Teori-praktik Here is the second installment among the articles summarizing how I use my light equipment during an ordinary day. Of course, there are no ordinary days. And I'm not saying that my way is the best. In fact, I seem to continually change how I do things, always trying to improve on my (never ending) road to perfection. So perhaps how I do things today might give you, as well as me, inspiration on how to improve your gear and the use of it tomorrow. And since this is a forum for lightweight backpacking I've included the weights of much of my gear in the narrative. In case you wonder. An article about a "light" breakfeast is found here.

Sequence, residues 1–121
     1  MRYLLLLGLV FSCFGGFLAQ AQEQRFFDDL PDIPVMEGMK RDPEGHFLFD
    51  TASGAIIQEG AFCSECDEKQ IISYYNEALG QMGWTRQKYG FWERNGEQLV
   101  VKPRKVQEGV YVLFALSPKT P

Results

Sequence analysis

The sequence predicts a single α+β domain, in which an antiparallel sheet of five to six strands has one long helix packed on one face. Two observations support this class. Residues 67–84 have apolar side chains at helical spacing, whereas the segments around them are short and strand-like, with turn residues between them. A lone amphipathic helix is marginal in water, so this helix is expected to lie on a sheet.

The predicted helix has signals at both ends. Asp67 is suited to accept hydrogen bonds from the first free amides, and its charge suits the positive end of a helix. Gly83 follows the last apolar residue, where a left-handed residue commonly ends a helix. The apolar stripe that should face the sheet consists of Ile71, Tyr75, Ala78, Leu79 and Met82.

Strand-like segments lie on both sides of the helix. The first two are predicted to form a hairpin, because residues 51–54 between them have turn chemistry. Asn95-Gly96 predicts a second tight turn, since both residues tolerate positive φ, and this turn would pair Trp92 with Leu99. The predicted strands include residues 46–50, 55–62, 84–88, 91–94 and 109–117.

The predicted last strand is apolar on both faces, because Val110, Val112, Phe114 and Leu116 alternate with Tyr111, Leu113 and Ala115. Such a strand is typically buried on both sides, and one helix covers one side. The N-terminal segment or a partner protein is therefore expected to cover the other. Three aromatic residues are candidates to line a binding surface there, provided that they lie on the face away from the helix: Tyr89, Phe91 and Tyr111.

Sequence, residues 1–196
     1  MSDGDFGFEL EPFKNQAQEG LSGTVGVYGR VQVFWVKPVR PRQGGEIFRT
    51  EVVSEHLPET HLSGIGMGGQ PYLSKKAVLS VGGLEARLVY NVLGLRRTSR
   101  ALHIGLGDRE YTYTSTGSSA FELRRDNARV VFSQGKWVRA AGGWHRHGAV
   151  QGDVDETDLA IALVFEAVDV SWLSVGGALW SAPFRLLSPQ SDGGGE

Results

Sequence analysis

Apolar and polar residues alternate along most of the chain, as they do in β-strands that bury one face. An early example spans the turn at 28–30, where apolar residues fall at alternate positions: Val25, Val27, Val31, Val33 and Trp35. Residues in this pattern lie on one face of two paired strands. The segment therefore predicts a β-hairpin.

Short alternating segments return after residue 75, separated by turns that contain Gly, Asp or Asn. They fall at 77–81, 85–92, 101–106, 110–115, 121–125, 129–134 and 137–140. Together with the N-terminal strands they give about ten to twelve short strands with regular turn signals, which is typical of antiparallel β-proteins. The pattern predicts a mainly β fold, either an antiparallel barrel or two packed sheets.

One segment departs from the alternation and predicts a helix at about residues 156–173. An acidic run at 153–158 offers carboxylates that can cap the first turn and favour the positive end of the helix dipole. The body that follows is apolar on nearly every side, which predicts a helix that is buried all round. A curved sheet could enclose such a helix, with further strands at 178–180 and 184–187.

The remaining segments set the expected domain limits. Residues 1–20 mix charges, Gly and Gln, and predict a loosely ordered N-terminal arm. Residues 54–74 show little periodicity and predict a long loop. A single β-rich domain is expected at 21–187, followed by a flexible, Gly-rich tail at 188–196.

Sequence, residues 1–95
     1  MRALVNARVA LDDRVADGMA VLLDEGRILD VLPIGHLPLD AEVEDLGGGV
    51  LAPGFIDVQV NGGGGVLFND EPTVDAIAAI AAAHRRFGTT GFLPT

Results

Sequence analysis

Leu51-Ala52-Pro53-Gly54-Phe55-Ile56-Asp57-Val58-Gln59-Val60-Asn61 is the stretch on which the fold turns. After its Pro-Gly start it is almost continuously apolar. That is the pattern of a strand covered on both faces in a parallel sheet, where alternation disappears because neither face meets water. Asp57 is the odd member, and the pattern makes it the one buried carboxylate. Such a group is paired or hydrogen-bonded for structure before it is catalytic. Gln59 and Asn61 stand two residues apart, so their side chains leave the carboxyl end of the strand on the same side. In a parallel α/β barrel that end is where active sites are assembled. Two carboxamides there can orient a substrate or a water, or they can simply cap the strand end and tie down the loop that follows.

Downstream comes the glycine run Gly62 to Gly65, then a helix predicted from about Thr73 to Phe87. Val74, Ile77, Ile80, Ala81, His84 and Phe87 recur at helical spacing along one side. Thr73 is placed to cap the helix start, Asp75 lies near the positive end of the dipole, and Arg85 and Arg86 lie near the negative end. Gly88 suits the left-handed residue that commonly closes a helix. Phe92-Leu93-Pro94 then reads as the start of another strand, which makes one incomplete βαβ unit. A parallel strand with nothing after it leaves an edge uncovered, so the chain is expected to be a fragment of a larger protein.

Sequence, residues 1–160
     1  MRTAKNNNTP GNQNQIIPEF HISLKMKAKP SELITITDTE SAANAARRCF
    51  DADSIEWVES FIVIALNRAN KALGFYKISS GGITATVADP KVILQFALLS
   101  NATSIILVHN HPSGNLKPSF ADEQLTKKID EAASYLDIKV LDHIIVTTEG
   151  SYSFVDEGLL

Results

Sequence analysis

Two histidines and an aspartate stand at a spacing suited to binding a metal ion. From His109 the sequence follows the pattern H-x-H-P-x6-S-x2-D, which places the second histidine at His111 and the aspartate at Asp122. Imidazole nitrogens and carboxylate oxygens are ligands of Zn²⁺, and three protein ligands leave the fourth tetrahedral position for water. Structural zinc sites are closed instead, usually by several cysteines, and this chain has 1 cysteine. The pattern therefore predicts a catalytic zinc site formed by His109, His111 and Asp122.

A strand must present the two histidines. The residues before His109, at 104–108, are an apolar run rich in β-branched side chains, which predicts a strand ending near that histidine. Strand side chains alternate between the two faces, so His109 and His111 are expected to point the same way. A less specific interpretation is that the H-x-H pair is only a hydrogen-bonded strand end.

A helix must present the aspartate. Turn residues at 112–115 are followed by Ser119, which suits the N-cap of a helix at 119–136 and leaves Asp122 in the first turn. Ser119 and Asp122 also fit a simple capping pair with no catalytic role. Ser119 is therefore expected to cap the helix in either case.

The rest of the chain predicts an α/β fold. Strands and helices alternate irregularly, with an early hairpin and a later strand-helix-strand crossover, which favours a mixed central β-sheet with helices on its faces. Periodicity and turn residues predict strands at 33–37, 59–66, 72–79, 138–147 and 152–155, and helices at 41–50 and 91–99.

By Jörgen Johansson
It usually doesn't take me long to get into gear after leaving camp. On the average day, that seldom occurs, I'm wearing mesh watersport shoes, thin nylon "ladies" socks from the supermarket on my feet. My legs are covered with homemade synthetic pants made from a sweat pants pattern weighing around 160 gram. Under these I wear merino wool boxer shorts, preferably without a fly, like those from Backpackinglight. The lack of a fly makes me less self consciuous while using them as shorts in hot weather.
My torso is also covered in delightful merino wool, a Icebreaker Kent is a long time favourite, weighing in at 220 gram in Large. On top of this I usually need a light windshirt most mornings. I prefer one with a hood, since the hood adds an awful lot of warmth in comparison to the extra weight. The one I currently use is a Marmot Ion, which is very symphatetic to my wallet, albeit a bit short and wide at the waist.